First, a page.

Early Tests by Google Reveal Safety Concerns for Driverless Car Technology

Every year, about 1.3 million people worldwide die in traffic crashes, the Association for Safe International Road Travel reports. Car accidents actually rank as the ninth-leading cause of death in the world. In response to this risk, automakers and tech companies have started to look for ways to make safer vehicles. They have begun to develop and roll out “smart cars,” or cars that essentially drive themselves.

Waymo,” which is Google’s self-driving vehicle research and production company, is an example. Google started the company in 2009. It is the tech giant’s ambitious attempt to use automation to remove human driving mistakes from the roads. However, since 2013, Waymo and other driverless car projects have hit some road bumps.

Falling Asleep, Distractions Among Early Problems with Driverless Cars

In early tests, Google uncovered some telling problems with driverless car technology. The Telegraph, a London media outlet, reports that Google temporarily halted production of the Waymo line after the company discovered that some test drivers fell asleep behind the wheel even when the car traveled at speeds as fast as 55 miles per hour. Google admitted that some of these test drivers also engaged in distractions such as putting on makeup while driving.

Other automakers have encountered problems with driverless cars as well. For instance, in 2016, one man died in one of the worst autopilot car accidents yet, according to Business Insider. Some media sources suggest that the man was watching a movie in the Tesla when the vehicle reportedly drove under the backside of a tractor-trailer.  

Who Could Be Liable in a Driverless Vehicle Crash?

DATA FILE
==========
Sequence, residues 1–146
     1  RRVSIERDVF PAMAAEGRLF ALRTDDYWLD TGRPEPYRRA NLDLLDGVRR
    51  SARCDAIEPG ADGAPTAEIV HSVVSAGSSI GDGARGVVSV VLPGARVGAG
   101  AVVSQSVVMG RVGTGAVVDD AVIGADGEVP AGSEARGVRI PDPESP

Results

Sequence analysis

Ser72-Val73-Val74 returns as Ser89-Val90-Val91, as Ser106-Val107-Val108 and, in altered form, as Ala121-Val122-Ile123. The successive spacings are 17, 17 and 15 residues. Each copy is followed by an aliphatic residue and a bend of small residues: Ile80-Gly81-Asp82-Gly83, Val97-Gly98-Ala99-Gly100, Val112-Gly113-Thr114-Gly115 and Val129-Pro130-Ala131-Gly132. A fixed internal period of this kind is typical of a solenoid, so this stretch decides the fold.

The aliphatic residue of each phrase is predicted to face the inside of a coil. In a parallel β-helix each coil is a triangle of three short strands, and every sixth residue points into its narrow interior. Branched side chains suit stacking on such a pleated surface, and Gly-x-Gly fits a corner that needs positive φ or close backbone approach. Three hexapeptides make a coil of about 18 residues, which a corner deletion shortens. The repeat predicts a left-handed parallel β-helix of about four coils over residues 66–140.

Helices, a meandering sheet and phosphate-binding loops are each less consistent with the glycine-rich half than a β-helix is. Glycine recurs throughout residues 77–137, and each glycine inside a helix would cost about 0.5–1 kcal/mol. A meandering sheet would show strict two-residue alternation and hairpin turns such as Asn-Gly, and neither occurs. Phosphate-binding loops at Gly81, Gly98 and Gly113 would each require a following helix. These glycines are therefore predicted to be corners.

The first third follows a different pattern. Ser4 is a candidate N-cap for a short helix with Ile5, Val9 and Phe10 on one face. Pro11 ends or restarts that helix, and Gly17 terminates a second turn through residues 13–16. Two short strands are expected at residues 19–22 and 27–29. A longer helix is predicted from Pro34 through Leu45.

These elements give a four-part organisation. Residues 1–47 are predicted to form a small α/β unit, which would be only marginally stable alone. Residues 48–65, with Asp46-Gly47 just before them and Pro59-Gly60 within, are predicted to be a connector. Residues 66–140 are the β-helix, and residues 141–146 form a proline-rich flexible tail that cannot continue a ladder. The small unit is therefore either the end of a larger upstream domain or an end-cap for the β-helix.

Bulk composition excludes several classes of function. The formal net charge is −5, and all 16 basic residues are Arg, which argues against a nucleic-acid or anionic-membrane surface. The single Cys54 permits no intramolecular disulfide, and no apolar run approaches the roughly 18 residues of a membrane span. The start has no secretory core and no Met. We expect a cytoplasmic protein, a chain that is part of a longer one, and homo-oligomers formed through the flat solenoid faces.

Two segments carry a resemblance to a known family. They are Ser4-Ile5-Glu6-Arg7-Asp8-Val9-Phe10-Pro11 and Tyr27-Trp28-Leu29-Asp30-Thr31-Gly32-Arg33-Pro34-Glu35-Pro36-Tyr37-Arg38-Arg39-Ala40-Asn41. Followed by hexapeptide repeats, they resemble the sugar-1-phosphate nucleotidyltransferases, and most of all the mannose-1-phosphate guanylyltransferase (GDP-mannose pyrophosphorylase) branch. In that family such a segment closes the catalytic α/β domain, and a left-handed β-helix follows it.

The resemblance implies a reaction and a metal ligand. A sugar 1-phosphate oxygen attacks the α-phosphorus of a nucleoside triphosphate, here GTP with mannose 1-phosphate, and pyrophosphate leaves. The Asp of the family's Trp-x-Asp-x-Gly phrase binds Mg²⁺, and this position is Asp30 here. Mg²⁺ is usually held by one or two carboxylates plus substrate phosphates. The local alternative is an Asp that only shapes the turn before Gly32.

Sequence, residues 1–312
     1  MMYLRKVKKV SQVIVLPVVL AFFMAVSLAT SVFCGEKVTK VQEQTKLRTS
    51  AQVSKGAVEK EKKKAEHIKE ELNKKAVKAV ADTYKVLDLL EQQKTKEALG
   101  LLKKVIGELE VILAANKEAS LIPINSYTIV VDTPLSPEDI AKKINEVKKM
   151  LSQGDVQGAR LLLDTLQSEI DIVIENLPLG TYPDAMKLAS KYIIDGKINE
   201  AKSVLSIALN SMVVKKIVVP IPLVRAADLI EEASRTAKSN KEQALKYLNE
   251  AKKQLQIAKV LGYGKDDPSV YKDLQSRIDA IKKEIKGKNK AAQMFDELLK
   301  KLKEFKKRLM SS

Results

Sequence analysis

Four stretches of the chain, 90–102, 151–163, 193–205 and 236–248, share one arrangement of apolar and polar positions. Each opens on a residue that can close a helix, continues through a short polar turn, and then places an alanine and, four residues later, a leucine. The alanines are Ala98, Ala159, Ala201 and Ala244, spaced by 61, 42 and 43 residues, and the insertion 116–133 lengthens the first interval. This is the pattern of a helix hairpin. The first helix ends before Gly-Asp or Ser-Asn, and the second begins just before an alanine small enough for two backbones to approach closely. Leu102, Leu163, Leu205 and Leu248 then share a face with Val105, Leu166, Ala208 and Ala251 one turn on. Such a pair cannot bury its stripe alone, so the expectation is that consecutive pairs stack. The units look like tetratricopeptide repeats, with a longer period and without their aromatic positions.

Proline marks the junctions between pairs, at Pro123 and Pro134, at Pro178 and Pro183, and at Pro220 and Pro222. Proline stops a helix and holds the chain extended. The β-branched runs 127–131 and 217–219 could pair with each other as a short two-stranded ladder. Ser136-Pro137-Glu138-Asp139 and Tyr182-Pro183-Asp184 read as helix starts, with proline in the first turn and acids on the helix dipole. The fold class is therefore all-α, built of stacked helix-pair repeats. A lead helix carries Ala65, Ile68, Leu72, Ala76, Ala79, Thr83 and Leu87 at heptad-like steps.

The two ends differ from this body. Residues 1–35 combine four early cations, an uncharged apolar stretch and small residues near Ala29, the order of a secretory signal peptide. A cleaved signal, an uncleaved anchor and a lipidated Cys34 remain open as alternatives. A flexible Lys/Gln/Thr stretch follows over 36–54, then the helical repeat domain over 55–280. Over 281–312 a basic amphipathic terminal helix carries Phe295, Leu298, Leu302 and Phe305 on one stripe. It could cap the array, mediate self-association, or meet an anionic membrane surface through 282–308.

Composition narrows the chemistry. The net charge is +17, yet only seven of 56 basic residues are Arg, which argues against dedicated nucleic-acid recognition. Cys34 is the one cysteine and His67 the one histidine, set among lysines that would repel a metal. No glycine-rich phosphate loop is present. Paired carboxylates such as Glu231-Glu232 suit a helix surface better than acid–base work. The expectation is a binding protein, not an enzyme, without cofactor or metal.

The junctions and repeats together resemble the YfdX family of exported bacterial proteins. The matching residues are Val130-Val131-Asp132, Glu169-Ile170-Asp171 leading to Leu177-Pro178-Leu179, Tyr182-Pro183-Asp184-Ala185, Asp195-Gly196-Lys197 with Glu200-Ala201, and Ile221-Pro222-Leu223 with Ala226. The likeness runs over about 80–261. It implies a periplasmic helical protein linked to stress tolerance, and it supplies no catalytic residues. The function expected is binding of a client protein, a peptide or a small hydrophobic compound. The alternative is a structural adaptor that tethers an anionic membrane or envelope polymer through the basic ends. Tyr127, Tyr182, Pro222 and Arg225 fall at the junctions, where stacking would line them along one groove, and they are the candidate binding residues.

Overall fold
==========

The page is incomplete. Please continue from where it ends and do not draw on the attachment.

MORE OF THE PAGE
Because driverless vehicles are such a new concept, many questions of liability for crashes remain unresolved, Inside Science points out. It may take some time before courts and lawmakers fully flesh out the responsibilities of driverless car owners and operators and manufacturers as well as the rights of those who share the road with these vehicles.

However, if you apply traditional legal concepts to driverless car crashes, you can draw a few helpful conclusions. For instance, the law holds people responsible for their negligence. So, if you do something careless or reckless when you operate an automated car that causes a crash, you could be held responsible for any harm that you cause others to suffer.

On the other hand, the manufacturer could be held partly or entirely responsible as well. If the vehicle malfunctions, and the malfunction causes someone else to suffer an injury, traditional product liability concepts would apply to the case.

Operators vs. Manufacturers

As more companies produce driverless cars and more people use these cars on the road, it follows that more driverless car accidents will undoubtedly happen. In turn, disputes are bound to arise between manufacturers and operators. Neither one will want to accept liability for a crash. The manufacturer may argue that the car operator failed to exercise caution, misused the features of the vehicle or otherwise acted unreasonably. On the other hand, the car operator may argue that the vehicle failed to function properly.

Consider the following:

  • Owner/Operator Liability

A driver gets out of his car and forgets to put the vehicle in park. The vehicle rolls away and strikes someone, causing serious injuries.  In this scenario, the driver would clearly be negligent and liable for those injuries even though the driver technically did not operate the vehicle at the time it struck the victim. Likewise, the owner of a driverless vehicle has an obligation to use the vehicle properly even if the driver technically does not “drive” the car. If the owner fails to operate the vehicle according to the manufacturer’s instructions, and a crash results, the owner could be liable.

  • Manufacturer Liability

A driver uses cruise control at 70 miles per hour on the interstate. The driver taps the brakes to take the vehicle off cruise, but the cruise does not disengage. The driver then loses control and strikes someone else’s vehicle.  In this case, the driver may not be liable if the driver can prove that a manufacturing defect – rather than poor maintenance or driver error – caused the crash. Liability may shift to the company that made the defective vehicle.  

Getting Legal Help After a Driverless Vehicle Crash

If you are injured by an autopilot or driverless vehicle, you will need an attorney with experience and resources to handle your case. Get help today from Hausmann-McNally. We will be prepared to fight for the compensation that you deserve. Call or contact us online today to receive a free, confidential and personalized today.